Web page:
The Answer to Agency Compensation that Will Save the Industry

If you work in Ad Land then undoubtedly, you’ve seen Fast Company‘s The Future of Advertising article. The article glosses over the myriad of issues confronting the industry ranging from the fragmentation of media, digital proliferation, creative crowdsourcing and failing agency compensation models.

Traditionally, agencies have been paid in one of three ways: fee based (billed per hour), incentive based (pay-per-performance based on objectives) and the commission model (media cost plus 15%). Less than typical, a few agencies have tinkered with their cash flows and have worked with clients to secure Intellectual Property rights on product they develop. Anomaly, BBH and Brooklyn Brothers come to mind. These models are not cutting it. We’ve known it for years.

Today, agencies really have no clue as to how they should be paid. “We still don’t know how to monetize what we do,” admits Peter McGuinness, CEO of Gotham … “we don’t monetize ourselves properly, so we don’t hit our margins.” (11.17.10 Fast Company).

How does an industry that appears more and more to be producing a commodity product reinvigorate itself and become more profitable?

It’s really quite easy. Agencies need to refocus on their core competency: they’re in the business of building brands. Moreover, if an agency’s strategic and creative vision truly does build a brand then they should be justly compensated for it. Just like brand managers who are awarded for increasing the value of their brand, so should agencies. Agencies need to go to the mattresses and negotiate pay based on how their work increases a brand’s economic value.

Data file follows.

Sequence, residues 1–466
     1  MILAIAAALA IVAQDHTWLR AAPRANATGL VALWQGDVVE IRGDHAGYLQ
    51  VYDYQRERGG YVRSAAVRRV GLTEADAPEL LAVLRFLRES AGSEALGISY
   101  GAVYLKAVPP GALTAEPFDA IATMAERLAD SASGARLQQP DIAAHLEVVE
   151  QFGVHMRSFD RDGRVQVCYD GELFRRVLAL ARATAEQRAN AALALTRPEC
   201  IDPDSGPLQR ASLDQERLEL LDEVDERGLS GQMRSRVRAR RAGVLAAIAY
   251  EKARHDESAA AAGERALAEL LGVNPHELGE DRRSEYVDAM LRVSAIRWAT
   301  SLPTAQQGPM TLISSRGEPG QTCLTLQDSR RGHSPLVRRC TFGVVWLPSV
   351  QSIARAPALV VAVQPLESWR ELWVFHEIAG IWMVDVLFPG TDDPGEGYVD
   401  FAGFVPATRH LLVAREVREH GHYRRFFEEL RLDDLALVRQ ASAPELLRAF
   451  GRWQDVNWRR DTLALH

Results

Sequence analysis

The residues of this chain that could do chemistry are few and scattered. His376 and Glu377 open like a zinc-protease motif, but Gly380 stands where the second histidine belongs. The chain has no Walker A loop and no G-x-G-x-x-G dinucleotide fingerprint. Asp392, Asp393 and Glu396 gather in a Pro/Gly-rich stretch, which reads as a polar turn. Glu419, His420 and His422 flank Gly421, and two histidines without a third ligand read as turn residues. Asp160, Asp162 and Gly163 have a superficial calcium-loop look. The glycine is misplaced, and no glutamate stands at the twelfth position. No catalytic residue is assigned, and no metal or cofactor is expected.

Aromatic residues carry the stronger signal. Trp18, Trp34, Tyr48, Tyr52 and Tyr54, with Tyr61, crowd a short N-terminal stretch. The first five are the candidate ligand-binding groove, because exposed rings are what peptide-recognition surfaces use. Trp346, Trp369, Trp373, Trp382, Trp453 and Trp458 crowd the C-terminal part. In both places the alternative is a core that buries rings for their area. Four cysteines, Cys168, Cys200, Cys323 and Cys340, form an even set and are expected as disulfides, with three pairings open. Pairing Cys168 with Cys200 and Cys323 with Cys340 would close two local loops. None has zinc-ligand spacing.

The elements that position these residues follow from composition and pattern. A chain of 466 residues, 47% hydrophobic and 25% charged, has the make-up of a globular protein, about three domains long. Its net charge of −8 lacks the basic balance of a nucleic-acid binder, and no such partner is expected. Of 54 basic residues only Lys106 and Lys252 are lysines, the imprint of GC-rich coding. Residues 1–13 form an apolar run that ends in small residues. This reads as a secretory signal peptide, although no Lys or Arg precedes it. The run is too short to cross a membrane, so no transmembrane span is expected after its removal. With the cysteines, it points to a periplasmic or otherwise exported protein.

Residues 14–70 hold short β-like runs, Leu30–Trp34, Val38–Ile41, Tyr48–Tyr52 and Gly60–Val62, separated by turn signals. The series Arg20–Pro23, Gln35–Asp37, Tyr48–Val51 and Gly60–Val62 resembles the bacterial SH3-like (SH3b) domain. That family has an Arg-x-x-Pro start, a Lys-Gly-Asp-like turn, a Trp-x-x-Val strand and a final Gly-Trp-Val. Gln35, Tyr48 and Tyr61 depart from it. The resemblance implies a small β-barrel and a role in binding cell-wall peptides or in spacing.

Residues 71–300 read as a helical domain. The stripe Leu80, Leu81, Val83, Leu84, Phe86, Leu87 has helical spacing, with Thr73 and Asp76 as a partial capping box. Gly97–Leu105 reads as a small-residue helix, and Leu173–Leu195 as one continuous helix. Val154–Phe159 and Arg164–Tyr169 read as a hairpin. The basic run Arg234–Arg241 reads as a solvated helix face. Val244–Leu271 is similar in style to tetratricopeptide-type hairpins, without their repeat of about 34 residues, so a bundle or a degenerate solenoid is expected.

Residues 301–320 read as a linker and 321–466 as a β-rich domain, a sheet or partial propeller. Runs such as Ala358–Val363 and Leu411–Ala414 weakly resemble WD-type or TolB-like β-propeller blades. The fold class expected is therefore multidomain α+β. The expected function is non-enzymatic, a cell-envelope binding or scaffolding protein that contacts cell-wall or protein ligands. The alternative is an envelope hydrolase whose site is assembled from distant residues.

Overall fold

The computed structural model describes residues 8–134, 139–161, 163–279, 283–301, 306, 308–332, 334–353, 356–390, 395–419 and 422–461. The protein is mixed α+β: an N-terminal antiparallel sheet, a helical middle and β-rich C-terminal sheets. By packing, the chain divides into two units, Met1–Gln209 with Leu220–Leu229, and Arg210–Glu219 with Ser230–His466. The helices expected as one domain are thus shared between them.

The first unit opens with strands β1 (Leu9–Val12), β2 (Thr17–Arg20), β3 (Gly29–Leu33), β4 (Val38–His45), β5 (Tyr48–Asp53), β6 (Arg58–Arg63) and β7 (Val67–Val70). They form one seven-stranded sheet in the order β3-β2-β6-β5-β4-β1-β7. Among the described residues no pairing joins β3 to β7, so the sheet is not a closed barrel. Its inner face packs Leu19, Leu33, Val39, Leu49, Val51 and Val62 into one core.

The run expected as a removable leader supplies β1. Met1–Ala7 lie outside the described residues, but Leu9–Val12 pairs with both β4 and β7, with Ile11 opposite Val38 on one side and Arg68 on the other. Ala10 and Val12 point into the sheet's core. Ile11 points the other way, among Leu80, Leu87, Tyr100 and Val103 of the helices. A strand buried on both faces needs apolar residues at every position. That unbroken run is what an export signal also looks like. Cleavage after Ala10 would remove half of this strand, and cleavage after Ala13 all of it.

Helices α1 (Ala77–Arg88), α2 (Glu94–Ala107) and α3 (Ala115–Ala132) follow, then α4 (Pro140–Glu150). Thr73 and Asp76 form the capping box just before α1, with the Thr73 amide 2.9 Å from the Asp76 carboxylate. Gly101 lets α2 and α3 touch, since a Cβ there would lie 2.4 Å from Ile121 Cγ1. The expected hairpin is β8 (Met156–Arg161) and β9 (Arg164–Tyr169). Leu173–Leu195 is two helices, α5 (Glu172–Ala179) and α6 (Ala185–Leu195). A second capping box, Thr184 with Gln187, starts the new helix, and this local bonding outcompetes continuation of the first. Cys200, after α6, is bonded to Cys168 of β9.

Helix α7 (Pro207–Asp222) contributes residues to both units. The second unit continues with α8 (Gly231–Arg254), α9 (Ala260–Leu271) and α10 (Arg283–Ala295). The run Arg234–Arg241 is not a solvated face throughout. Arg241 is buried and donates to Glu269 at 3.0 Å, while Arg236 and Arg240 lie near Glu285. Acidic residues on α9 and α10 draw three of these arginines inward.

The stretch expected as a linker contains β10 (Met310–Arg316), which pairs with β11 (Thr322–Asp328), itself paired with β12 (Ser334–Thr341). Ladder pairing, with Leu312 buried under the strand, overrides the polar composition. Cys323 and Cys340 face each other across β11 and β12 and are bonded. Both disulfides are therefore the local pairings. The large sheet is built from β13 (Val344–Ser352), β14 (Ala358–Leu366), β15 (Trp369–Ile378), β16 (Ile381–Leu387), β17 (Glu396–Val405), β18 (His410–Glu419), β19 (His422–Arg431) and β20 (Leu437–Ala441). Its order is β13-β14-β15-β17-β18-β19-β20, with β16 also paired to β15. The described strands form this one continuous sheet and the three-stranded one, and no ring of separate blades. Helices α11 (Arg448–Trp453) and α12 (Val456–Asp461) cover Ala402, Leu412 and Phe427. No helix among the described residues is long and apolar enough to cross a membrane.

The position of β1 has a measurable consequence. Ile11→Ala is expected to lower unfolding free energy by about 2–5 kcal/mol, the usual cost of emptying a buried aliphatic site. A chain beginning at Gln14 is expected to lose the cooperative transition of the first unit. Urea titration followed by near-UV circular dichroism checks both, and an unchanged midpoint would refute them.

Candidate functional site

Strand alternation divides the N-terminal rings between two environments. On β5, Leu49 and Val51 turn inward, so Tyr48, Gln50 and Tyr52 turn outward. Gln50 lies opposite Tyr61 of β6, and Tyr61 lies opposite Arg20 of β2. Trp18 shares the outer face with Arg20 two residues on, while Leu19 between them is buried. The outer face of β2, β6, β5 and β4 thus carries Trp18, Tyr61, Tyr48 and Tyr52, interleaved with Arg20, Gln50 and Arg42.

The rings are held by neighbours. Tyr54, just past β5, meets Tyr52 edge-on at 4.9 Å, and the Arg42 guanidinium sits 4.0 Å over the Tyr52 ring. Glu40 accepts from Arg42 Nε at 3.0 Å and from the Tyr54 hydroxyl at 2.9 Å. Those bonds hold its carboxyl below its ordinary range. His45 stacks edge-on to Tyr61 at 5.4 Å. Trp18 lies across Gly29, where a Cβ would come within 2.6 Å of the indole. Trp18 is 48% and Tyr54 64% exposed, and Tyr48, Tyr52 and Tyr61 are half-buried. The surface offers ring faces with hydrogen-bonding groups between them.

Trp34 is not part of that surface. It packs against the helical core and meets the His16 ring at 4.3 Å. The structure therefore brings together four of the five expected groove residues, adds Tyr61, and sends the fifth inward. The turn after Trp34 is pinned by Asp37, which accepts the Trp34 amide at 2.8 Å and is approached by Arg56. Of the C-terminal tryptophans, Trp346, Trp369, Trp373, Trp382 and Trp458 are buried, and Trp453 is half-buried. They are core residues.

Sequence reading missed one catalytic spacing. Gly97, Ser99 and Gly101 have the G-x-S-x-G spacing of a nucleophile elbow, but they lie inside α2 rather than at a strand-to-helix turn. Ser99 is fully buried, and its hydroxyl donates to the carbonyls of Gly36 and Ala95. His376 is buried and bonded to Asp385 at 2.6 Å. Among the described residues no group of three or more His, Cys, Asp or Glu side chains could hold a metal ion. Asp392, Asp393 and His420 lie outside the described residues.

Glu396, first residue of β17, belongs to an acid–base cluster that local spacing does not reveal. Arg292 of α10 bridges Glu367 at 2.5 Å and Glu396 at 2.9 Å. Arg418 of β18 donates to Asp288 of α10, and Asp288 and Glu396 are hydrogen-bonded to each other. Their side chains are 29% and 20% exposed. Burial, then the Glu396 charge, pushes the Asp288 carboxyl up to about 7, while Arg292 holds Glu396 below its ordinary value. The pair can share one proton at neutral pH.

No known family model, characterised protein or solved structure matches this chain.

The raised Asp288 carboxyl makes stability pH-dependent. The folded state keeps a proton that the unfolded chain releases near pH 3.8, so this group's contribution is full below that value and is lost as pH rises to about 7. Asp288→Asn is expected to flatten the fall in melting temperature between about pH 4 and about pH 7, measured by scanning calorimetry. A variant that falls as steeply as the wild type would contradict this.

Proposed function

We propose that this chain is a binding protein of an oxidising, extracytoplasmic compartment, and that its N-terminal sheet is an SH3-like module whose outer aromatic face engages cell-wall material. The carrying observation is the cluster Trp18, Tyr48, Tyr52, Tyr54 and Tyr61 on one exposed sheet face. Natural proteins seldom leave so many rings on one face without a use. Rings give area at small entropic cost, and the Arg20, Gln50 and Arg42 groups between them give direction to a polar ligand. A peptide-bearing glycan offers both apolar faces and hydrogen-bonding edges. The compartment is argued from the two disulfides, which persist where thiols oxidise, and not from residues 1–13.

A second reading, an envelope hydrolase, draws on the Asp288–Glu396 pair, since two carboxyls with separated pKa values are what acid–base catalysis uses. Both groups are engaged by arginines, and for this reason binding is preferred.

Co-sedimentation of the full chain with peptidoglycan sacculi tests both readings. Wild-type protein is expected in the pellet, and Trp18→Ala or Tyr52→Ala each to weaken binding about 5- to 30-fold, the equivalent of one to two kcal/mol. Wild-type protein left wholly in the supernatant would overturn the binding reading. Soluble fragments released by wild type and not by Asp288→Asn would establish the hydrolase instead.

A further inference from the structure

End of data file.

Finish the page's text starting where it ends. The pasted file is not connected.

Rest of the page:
Companies already regularly undergo brand valuations. They even record the intangible value of their brands on their balance sheets. Now, with the International Organization for Standardization releasing their internationally recognized methodology for monetary brand valuation, the only thing stopping agencies from making this compensation model work is themselves. And, it’s a win-win for all parties. Brands will once again see the value of working with professional agencies as business partners and agencies will generate the compensation they deserve based on developing big, brand building ideas.

“We have to figure out how to get paid for the big idea, and what that idea is worth,” says McGuiness. What’s a big idea? Something as ubiquitous as MasterCard’s “Priceless” campaign that arguably could transform a business. (11.17.10 Fast Company).

Under a brand value compensation model McCann Erickson would be compensated on a sliding scale based on the economic value the “Priceless” campaign adds to the MasterCard brand. This number would be far higher than whatever fee based, incentive based or commission based pay McCann currently receives. A brand value compensation model is simple pay-for-performance. It’s fair.